FRENCH CAMP -- Rep. Jerry McNerney visited with patients and physicians at San Joaquin General Hospital on Wednesday and urged support for a nationwide program providing children with health coverage.
The State Children's Health Insurance Program, known in California as Healthy Families, expires Sept. 30. It offers low-cost coverage to children whose families make too much money to qualify for Medi-Cal but not enough to buy private insurance.
Both houses of Congress have passed bills to extend the decade-old program five more years but still have to vote on a final plan. President Bush has threatened to veto the legislation because it would make more children eligible.
The administration maintains communities should focus instead on serving more children who already are eligible. If the program expires without agreement, those enrolled could stand to lose their insurance.
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"Health care costs are increasing so rapidly that we need to make sure all kids in the country have coverage," said McNerney, the Democrat from Pleasanton whose district includes San Joaquin County. "We are leaders of the industrialized world. There is no reason all children should not have health coverage."
Data varies on how many people in San Joaquin, Stanislaus and Merced counties are without insurance. Healthy Families covers about 40,000 people in the area.
David Hurst, director of Marketing for Health Plan of San Joaquin, which administers the program, said the organization doesn't know how many people locally would be eligible if the expanded criteria pass.
The money would come from reducing payments to private health maintenance organizations that provide Medicare coverage. Those costs are 12 percent higher than those in the standard Medicare program, according to analysts. The rest of the money would come from an additional 45 cents-per pack cigarette tax.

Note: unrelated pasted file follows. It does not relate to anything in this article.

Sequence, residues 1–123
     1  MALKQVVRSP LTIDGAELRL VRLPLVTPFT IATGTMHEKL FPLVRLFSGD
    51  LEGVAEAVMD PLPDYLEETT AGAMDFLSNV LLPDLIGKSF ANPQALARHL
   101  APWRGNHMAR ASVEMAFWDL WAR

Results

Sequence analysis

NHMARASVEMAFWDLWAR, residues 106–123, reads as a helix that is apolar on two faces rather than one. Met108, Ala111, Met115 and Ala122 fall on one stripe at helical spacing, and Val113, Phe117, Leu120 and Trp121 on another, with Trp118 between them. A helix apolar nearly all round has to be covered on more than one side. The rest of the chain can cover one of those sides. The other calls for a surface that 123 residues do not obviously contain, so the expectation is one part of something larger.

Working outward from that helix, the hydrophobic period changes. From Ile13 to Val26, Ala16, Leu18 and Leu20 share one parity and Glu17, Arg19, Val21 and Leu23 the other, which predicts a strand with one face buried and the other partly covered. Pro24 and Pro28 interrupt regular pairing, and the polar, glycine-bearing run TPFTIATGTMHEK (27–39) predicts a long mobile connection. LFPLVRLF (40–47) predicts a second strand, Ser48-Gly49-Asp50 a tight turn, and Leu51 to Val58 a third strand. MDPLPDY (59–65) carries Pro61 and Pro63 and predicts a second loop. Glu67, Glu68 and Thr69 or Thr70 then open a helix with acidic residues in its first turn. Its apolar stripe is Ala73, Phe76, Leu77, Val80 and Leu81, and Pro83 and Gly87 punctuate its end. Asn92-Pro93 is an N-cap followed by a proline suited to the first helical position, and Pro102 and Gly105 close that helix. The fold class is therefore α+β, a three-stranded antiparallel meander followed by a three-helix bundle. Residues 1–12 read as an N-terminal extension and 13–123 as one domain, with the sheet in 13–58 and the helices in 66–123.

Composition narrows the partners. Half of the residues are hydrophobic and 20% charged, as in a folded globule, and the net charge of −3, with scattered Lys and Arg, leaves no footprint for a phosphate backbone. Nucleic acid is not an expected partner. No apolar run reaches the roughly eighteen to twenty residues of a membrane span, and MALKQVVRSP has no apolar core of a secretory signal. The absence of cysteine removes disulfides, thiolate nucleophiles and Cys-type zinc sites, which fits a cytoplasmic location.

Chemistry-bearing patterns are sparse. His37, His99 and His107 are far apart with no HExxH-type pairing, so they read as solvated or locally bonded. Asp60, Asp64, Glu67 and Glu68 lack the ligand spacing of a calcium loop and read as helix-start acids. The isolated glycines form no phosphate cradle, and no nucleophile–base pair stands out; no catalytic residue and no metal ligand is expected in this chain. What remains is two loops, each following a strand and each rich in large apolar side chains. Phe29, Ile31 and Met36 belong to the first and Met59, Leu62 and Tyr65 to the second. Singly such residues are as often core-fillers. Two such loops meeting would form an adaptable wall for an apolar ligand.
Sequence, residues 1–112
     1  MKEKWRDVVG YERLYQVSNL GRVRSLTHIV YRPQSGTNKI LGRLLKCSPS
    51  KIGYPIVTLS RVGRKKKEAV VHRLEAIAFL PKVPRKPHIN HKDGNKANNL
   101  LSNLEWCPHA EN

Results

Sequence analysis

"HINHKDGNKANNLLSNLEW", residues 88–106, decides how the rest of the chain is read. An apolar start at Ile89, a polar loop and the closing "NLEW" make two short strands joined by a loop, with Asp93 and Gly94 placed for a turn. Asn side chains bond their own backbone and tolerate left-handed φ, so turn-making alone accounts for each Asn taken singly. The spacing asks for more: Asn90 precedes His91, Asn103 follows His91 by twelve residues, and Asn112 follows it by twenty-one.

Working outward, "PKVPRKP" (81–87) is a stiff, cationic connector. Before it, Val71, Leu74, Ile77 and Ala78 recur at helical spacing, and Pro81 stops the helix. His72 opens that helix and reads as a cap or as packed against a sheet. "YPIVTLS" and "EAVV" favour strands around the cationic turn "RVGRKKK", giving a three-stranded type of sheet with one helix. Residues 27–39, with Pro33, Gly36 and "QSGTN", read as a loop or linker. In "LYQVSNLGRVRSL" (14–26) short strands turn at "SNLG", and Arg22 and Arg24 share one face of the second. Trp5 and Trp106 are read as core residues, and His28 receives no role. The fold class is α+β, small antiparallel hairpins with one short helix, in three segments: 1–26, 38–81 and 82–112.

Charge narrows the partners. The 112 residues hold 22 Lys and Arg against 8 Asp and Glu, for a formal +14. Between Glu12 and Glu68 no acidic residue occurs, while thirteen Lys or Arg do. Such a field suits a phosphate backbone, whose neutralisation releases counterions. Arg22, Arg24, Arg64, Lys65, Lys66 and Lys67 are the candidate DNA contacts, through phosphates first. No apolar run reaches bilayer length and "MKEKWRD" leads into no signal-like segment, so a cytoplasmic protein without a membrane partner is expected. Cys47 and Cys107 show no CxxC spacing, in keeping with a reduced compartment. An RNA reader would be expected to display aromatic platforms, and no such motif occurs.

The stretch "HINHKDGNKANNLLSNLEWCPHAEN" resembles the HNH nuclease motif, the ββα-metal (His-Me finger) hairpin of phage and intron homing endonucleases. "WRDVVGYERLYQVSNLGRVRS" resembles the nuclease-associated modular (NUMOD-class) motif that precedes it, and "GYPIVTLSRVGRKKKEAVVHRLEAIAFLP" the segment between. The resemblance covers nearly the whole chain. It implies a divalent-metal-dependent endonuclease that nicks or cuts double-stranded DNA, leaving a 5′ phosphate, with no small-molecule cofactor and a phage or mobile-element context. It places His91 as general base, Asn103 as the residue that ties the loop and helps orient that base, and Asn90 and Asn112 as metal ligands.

Critics take aim at eligibility changes in the legislation that allows the definition of a child to extend longer and increases income limits.
Those covered have their own primary doctor and are encouraged to seek preventive care so they don't end up in the hospital with more dangerous illnesses that are more expensive to treat, sometimes with public health ramifications, said Ken Cohen, director of health care services for San Joaquin County.
Dr. Susan Abraham, a pediatrician at San Joaquin General, described the case of a girl about 9 years old brought to the hospital about a year ago by her grandmother with a fever and difficulty swallowing.
"She had kept her home a couple of days and had now realized she really needed to be brought to the hospital, and we found she had an abcess and she had to go into surgery that day," Abraham said. "Mom and dad were working but they still couldn't afford basic health care."
U.S. Census data released late last month shows declines in the nation's poverty level but a rise in the number of people without insurance. The data also showed fewer employers are providing coverage.
Cohen described a presidential veto of the insurance program as "cutting up the infrastructure."
"You have all these programs we now provide that would end with a veto," Cohen said. "And we are saying, 'Please, people are going to lose preventative insurance.' "
Bee staff writer Inga Miller can be reached at firstname.lastname@example.org or 599-8760.